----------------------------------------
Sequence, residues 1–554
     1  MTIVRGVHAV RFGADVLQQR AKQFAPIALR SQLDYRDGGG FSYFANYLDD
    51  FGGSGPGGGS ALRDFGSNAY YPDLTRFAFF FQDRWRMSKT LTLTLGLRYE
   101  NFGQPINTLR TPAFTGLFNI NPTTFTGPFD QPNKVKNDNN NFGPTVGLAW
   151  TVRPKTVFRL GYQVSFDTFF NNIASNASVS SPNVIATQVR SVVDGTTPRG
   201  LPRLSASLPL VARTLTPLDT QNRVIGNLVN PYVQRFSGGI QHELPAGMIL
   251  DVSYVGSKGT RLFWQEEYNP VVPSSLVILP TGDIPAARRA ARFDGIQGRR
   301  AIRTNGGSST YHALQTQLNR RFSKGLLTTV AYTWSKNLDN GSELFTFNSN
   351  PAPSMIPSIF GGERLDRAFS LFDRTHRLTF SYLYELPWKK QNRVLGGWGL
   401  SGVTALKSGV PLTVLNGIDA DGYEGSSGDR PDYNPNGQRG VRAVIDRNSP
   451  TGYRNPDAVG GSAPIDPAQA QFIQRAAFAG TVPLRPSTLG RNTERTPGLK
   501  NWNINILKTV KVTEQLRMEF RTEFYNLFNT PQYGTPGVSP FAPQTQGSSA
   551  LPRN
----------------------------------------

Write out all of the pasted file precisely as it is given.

Sequence, residues 1–554
     1  MTIVRGVHAV RFGADVLQQR AKQFAPIALR SQLDYRDGGG FSYFANYLDD
    51  FGGSGPGGGS ALRDFGSNAY YPDLTRFAFF FQDRWRMSKT LTLTLGLRYE
   101  NFGQPINTLR TPAFTGLFNI NPTTFTGPFD QPNKVKNDNN NFGPTVGLAW
   151  TVRPKTVFRL GYQVSFDTFF NNIASNASVS SPNVIATQVR SVVDGTTPRG
   201  LPRLSASLPL VARTLTPLDT QNRVIGNLVN PYVQRFSGGI QHELPAGMIL
   251  DVSYVGSKGT RLFWQEEYNP VVPSSLVILP TGDIPAARRA ARFDGIQGRR
   301  AIRTNGGSST YHALQTQLNR RFSKGLLTTV AYTWSKNLDN GSELFTFNSN
   351  PAPSMIPSIF GGERLDRAFS LFDRTHRLTF SYLYELPWKK QNRVLGGWGL
   401  SGVTALKSGV PLTVLNGIDA DGYEGSSGDR PDYNPNGQRG VRAVIDRNSP
   451  TGYRNPDAVG GSAPIDPAQA QFIQRAAFAG TVPLRPSTLG RNTERTPGLK
   501  NWNINILKTV KVTEQLRMEF RTEFYNLFNT PQYGTPGVSP FAPQTQGSSA
   551  LPRN